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How to decide between these two super-popular groupsets

[This article was last updated on April 5, 2018]

If you’re choosing between Shimano Tiagra and Shimano 105 – either fitted to a complete bike or as an upgrade on an existing bike – here’s everything you need to know to make the right decision.

A groupset is a component manufacturer’s collection of mechanical parts, usually covering the derailleurs, shifters, brakes, chainset, bottom bracket, cassette and chain. Brands group these parts into various different levels.

If you want to know more about what a groupset is, check out our beginner’s guide.

Shimano offers six road groupsets. Starting at the top these are:

• Dura-Ace
• Ultegra
• 105
• Tiagra
• Sora
• Claris

Plus, Dura-Ace and Ultegra are available with Di2 electronic shifting, and Dura-Ace, Ultegra and 105 are also available with hydraulic disc brakes, and Shimano offers both hydraulic and cable discs for Tiagra

A complete Shimano Tiagra groupset (chainset, shifters, derailleurs, chain, cassette, brakes, bottom bracket) starts at £502.91 while a Shimano 105 groupset starts at £662.91. That’s a difference of £160.

However, both groupsets are widely available heavily discounted. You can pick up a Tiagra group for about £250, and 105 for as little as £350, though cheap deals like that usually don't offer the full range of chainring, cassette and crank length options.

Read more: Complete guide to Shimano groupsets

The biggest difference between the groupsets is that 105 – which is the most popular groupset in the world, according to Shimano – is 11-speed (there are 11 sprockets on the cassette) whereas Tiagra is 10-speed.

Tiagra is offered with both a double chainset (there are two chainrings) and a triple chainset (there are three chainrings) whereas 105 comes as a double only.

Although 105 is more expensive, most of the same technology features on Tiagra, and they work in exactly the same way. Tiagra components are a little heavier. As ever, you pay more for lighter weight.

Check out our Shimano 105 5800 groupset review here.

Check out our Shimano Tiagra 4700 groupset review here.

Dual control levers

  Weight RRP Online price
Tiagra 493g (pair) £219.99 £114.95
105 486g (pair) £224.99 £124.99

The main difference between the dual control levers is that Tiagra (below) is a 10-speed system and 105 is 11-speed.

Shimano-Tiagra-4700---STI-lever

Shimano-Tiagra-4700---STI-lever

In both cases the bracket is made from GFRP (glass-fibre reinforced plastic), the main lever is aluminium, and you get screw-operated reach adjustment to bring the levers closer to the handlebar for smaller hands.

When we reviewed the Shimano 105 groupset we praised the shift action of the dual control levers (below).

Shimano 105 - levers.jpg

Shimano 105 - levers.jpg

“The new shift action is the same as that found on Shimano’s top two groupsets (Dura-Ace and Ultegra) and is so light and precise it doesn't feel that far removed from [electronic] Di2 shifting at times, thanks mostly to the much shorter throw at the lever,” we said.

“Each shift is much quicker than previously and the resulting positive click as the gear is selected makes it feel more like a button touch than a lever. The new polymer coated cables are responsible for part of this as are the redesigned front and rear derailleurs.”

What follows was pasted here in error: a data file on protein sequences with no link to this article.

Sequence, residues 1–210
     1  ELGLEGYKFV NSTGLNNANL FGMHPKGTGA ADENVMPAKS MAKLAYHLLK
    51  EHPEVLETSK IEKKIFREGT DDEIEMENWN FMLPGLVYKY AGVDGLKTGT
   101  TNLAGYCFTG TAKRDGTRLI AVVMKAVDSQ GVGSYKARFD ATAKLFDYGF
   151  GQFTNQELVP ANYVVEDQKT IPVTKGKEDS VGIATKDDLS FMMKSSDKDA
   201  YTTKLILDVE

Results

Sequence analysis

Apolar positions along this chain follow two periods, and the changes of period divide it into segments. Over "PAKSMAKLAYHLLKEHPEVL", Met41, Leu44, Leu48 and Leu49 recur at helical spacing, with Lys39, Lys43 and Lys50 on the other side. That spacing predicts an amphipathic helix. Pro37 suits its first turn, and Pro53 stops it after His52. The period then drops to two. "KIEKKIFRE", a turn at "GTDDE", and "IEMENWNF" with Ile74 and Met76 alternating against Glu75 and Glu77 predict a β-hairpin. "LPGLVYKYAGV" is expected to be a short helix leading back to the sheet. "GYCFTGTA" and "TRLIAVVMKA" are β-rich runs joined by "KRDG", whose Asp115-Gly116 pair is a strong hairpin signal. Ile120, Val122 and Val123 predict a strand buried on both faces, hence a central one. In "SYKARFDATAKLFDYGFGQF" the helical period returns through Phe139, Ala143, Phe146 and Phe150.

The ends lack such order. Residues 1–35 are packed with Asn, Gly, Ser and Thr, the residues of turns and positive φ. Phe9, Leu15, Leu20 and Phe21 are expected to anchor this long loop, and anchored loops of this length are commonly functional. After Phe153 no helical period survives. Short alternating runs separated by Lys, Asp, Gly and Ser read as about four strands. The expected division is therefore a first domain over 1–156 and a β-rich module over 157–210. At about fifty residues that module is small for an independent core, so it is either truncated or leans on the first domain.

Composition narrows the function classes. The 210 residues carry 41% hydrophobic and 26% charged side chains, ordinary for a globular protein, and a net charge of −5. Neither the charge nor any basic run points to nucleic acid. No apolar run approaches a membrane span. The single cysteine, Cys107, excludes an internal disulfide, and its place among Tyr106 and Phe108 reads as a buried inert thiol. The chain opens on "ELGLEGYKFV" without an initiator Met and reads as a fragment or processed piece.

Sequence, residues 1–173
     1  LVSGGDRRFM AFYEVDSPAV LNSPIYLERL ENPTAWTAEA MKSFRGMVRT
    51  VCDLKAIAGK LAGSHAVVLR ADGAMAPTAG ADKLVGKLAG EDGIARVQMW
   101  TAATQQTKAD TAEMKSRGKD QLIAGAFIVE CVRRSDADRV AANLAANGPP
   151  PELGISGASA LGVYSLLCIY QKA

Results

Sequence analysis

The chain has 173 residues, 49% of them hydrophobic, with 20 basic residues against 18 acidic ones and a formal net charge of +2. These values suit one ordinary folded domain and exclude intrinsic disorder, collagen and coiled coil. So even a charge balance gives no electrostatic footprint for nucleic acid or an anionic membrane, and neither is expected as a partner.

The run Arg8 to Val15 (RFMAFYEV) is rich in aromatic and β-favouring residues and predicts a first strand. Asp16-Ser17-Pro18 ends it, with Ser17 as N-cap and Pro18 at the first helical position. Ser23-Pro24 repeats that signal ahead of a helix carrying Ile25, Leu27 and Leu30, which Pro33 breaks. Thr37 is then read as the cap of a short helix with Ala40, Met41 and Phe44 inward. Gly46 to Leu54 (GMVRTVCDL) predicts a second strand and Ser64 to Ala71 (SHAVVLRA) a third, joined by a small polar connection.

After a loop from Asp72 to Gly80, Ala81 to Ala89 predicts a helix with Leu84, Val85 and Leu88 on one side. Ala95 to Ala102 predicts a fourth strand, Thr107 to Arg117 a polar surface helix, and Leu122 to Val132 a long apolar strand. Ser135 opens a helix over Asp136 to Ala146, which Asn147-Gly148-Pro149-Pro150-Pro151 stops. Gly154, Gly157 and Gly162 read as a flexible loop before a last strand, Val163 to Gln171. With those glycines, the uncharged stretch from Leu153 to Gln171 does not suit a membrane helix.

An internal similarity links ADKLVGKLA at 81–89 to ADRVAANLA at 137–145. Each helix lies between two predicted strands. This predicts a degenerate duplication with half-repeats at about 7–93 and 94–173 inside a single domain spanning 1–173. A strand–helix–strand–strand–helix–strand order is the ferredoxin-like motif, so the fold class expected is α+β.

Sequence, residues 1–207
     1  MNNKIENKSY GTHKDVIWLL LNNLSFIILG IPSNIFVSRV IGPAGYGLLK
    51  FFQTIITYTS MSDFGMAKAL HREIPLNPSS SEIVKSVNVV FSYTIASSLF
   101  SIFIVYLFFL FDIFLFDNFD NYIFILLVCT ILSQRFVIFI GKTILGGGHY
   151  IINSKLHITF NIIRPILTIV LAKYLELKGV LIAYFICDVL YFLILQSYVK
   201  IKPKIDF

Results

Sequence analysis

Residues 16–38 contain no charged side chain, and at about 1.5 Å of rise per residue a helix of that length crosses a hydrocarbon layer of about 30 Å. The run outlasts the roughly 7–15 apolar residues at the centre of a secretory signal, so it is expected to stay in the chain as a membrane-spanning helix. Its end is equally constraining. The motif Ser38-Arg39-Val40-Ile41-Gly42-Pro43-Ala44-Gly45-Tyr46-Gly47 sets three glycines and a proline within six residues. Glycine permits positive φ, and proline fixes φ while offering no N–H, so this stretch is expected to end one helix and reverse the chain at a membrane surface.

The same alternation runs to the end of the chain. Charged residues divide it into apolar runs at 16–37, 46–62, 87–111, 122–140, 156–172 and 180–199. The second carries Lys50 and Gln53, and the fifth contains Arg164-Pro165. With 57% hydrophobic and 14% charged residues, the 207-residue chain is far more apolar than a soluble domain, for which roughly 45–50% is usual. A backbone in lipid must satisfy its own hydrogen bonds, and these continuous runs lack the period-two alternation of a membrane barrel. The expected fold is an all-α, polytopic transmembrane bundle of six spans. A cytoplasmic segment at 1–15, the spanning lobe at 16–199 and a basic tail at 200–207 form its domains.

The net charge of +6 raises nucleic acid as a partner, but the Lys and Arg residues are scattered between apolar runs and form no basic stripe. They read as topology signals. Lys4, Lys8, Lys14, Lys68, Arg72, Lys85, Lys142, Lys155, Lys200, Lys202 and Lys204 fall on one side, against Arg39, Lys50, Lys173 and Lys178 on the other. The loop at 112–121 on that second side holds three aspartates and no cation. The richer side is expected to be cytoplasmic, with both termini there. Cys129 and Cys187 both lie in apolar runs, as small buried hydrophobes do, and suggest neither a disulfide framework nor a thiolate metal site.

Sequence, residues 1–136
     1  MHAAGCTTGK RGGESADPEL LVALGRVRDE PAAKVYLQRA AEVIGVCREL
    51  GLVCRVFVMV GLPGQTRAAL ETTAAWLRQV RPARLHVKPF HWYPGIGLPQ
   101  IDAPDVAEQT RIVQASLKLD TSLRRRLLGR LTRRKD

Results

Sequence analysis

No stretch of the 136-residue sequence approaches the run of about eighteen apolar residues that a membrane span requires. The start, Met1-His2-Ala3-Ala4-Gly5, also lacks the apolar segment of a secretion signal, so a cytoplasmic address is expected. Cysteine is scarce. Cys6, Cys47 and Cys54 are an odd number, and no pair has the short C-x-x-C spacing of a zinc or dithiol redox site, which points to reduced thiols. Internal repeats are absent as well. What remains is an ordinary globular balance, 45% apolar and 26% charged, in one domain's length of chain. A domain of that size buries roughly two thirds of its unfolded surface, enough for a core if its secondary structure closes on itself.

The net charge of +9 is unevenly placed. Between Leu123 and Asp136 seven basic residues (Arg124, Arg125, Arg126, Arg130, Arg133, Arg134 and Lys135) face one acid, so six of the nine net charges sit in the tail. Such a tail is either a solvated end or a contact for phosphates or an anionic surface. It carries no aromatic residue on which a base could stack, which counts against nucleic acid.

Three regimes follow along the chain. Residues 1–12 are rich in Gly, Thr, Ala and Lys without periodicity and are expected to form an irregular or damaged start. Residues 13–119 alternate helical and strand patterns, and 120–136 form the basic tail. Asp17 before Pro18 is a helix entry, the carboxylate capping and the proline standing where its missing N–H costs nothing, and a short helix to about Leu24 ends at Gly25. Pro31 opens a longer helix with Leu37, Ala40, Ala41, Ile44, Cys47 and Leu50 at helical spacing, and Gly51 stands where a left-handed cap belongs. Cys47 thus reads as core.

The latest version of Tiagra has cables that are routed underneath the handlebar tape like the higher level Shimano groupsets.

When we reviewed Tiagra we said, “Shift feel is perhaps a little heavier than Dura-Ace or Ultegra, but that's an unfair criticism given the huge price difference.”

Unlike 105, Tiagra is available with a triple chainset (with three chainrings rather than two, see below). If you want to go down that route you’ll need to buy the compatible dual control levers.

Dual pivot brakes

  Weight RRP Typical price
Tiagra 360g (pair) £58.98 (pair) £44.89 (pair)
105 388g (pair) £94.98 (pair) £49.99 (pair)

One of the biggest differences between 105 and Tiagra is the braking performance.

Shimano 105 brake caiipers.jpg

Shimano 105 brake caiipers.jpg

Shimano calls its latest calliper design SLR-EV Dual Pivot and this is now found on 105 (above), Ultegra and Dura-Ace. The new symmetrical twin pivot design equalises the braking forces through each arm for better control and power.

Slowing rather than stopping can be achieved with just a couple of fingers applying pressure to the lever and it's easy to avoid locking a wheel. The brake pad compound feels a little more grippy than the previous version in both wet and dry conditions.

Shimano Tiagra 4700 brake caliper.jpg

Shimano Tiagra 4700 brake caliper.jpg

The latest Tiagra brakes (above) do provide more stopping ability than before but they aren’t a patch on 105. The brakes will certainly stop you in a hurry, they're just lacking in feel and feedback through the levers.

The one-piece brake blocks also exhibit some flex, and changing them isn't as simple as swapping a brake pad in more expensive cartridge brakes such as those found on 105 and Ultegra.

Both 105 and Tiagra will accept tyres up to 28mm.

105 is also available in a direct mount option (you need to have a compatible frame and fork) where the brake arms bolt straight on to the frame/fork rather than via a central bolt. There is no Tiagra direct mount option.

Disc brakes

  Weight RRP Online price
Tiagra hydraulic NA £449.99 £274.09
105 NA £499.99 £299.95